Review: ORANGE IS THE NEW BLACK by Piper Kerman
Review by Alison Doherty
Orange is the New Black
Spiegel & Grau, 2010
I, like most people reading the book now, started Orange is the New Black after watching the Netflix show based on Piper Kerman’s memoir. The show (which is fantastic) is full of hilarious hazing antics, big lesbian drama, and sporadic moments of terrifying violence. By contrast, the book is more subdued, compassionate retelling of Kerman’s 16 months in a federal prison.
Kerman starts the book, going to great lengths to show that’s she’s not who people think of when they think of prisoners. A well-educated, self-described “nice blond lady”, her friends, family, and fiancé are all shocked both to find out Kerman once carried money for a West African drug lord and that because of mandatory minimums she can’t get out of her jail time. Even the prison guards seemed surprised to see her there. The biggest shock of all might be that she engaged in a lesbian relationship, although as a fellow alum from Smith College that shouldn’t really of surprised anyone except maybe her grandparents.
At times, in the book Kerman highlights her otherness. She repeatedly acknowledges how lucky she is compared to the other inmates. She has a relatively short sentence, a constant stream of visitors, and a steady supply of books from her Amazon wish list. She sets herself up in the position of an anthropological observer, insisting on her separateness while attempting to tell the stories of women from all races and backgrounds. These stories always emphasize her fellow inmates’ humanity, and describe the strange customs that accompany prison life: the faux mother-daughter relationships, the contraband cookery, and the many uses for sanitary pads (which unlike almost everything else the prisoners have an unlimited supply of).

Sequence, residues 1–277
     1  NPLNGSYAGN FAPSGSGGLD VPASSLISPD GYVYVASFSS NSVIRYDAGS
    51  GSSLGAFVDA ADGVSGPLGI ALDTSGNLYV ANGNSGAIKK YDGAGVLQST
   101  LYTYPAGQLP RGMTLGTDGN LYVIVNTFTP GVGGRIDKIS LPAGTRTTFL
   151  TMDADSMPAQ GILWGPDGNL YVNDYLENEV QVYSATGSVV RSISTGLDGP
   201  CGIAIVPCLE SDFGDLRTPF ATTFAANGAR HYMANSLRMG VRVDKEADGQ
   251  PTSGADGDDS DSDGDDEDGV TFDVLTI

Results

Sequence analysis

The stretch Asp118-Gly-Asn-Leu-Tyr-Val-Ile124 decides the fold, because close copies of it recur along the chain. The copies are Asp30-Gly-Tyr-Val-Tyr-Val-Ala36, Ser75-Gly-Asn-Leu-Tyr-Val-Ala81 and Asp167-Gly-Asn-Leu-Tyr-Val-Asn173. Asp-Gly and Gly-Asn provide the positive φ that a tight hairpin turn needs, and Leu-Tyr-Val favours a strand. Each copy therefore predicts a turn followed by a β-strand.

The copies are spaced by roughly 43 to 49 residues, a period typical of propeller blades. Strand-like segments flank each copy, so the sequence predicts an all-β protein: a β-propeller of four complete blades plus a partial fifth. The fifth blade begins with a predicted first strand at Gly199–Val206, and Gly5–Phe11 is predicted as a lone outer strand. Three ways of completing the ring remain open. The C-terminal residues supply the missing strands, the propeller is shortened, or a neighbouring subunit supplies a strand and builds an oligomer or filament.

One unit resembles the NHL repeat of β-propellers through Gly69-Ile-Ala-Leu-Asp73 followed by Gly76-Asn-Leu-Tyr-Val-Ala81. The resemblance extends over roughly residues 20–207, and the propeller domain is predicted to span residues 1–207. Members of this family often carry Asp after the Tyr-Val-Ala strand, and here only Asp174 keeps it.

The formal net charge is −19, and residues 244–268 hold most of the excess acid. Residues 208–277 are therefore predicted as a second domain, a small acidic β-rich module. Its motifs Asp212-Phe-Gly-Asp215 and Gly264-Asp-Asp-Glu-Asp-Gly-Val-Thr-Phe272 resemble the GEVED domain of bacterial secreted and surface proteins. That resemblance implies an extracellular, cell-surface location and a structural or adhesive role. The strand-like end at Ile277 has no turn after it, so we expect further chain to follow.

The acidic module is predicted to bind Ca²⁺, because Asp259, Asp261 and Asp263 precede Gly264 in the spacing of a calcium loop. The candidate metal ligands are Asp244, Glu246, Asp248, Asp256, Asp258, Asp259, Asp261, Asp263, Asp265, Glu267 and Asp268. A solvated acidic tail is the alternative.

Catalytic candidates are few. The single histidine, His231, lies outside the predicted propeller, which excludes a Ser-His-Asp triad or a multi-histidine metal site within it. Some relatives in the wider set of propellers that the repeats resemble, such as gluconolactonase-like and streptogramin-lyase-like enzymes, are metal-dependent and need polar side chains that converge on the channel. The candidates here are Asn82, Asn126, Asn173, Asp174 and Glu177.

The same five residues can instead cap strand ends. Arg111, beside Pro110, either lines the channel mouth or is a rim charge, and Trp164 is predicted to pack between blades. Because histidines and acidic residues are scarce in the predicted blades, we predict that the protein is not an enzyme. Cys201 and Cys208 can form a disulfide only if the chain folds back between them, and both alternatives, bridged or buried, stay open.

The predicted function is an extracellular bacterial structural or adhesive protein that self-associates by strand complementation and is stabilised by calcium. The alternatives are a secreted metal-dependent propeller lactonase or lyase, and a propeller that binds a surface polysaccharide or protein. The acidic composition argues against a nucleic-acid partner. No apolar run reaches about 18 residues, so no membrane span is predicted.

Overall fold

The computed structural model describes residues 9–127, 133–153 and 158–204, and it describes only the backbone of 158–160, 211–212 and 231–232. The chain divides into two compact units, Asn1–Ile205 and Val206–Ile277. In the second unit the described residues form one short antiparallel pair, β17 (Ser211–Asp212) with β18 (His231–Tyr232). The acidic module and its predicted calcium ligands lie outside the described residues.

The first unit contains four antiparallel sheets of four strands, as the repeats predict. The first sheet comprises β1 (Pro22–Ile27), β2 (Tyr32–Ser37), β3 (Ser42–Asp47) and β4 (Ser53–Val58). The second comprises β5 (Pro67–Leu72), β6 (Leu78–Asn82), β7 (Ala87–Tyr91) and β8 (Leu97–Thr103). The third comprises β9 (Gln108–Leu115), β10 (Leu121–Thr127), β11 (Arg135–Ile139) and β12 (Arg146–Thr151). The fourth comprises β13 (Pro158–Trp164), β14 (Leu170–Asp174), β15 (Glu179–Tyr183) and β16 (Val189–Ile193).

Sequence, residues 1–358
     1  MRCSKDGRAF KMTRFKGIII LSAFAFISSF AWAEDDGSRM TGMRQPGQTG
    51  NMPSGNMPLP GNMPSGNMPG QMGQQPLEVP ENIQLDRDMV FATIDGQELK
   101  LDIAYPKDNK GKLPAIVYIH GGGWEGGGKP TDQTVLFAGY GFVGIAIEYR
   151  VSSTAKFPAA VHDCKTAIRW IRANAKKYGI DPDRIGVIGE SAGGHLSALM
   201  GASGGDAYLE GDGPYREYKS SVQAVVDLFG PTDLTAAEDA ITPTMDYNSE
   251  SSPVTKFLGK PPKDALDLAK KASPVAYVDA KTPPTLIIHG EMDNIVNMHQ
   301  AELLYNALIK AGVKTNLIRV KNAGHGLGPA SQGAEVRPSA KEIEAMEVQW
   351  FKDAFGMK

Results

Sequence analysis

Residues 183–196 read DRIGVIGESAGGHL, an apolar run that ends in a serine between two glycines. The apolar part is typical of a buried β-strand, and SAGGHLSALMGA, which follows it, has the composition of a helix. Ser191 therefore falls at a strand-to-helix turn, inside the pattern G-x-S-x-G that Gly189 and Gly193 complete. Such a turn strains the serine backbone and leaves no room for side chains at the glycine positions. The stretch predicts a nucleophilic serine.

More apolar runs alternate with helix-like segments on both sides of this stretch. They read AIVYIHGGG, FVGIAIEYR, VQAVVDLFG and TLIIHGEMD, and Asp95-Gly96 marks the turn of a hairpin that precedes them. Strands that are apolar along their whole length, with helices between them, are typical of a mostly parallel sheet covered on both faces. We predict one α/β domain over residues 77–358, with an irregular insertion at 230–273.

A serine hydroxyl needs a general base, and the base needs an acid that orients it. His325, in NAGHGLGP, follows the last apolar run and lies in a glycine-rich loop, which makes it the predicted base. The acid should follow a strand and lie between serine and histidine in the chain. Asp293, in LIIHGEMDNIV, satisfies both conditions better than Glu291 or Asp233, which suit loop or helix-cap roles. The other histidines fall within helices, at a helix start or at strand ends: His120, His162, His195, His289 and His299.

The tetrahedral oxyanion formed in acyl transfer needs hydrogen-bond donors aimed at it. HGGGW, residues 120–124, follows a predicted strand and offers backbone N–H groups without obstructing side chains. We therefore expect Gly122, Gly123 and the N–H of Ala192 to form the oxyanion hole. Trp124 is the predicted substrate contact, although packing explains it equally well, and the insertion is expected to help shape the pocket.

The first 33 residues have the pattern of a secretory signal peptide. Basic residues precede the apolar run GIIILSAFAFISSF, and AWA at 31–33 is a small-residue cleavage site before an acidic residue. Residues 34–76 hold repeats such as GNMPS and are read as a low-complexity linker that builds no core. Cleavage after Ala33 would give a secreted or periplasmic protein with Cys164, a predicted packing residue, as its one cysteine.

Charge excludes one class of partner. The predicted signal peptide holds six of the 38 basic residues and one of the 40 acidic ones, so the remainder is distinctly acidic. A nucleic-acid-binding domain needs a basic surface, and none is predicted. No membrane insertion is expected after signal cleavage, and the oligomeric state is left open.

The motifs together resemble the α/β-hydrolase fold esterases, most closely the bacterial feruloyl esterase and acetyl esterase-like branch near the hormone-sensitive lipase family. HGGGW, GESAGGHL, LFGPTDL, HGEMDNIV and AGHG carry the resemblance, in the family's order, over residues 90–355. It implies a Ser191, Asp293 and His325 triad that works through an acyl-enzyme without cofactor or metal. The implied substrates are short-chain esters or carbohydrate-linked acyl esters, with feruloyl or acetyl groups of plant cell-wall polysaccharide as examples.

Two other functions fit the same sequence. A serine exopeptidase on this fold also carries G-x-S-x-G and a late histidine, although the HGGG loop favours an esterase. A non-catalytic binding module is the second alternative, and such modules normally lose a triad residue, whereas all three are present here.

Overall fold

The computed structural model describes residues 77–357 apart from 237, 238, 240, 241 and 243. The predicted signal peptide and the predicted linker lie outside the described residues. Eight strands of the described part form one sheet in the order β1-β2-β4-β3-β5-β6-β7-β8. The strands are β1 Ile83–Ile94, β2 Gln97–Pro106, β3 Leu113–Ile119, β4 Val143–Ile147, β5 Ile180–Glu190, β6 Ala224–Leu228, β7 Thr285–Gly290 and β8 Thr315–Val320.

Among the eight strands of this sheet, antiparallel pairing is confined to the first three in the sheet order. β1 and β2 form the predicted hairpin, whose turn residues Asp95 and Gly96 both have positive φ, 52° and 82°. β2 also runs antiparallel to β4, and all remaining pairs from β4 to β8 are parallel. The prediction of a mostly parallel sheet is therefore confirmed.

At other times in the memoir, Kerman immerses herself in the prison culture. Before entering prison many give her the advice to stay separate from the other prisoners and not to make friends. When she encounters the other prisoners’ concern and kindness, instead of the aggression she expected, Kerman finds it impossible to follow this advice. She enters into a mother-daughter relationship with Pop, queen of the kitchen. She makes microwavable cheesecake. She even manages to find some level of kinship with her former girlfriend, who’s the reason she’s in prison.
What strikes me as the true strength of Kerman’s writing is her ability to remain positive about the people she met, while inserting an admonition of the broken American prison system. She writes about boredom, loss of power, sexually abusive prison guards, the arbitrary rules, and a lack of oversight without sounding like she’s complaining. She shows how random sentencing can be and how prison is not set up to help society or reform prisoners, but instead functions as a seven billion dollar business that is being financed by tax payer dollars.
I found the memoir, illuminating, well written, honest, and quietly funny. However Kerman has received a lot of criticism, both for being overly positive and for her privileged status as a non-typical prisoner. I agree with both statements (the book is positive and Kerman is privileged), however I disagree with these criticisms. I don’t think this book or its author are pretending to be anything they aren’t. I didn’t feel like Kerman portrayed herself as either a victim or a savior. Instead, I thought she wrote this book to educate the public about prison and make something meaningful out of her experience.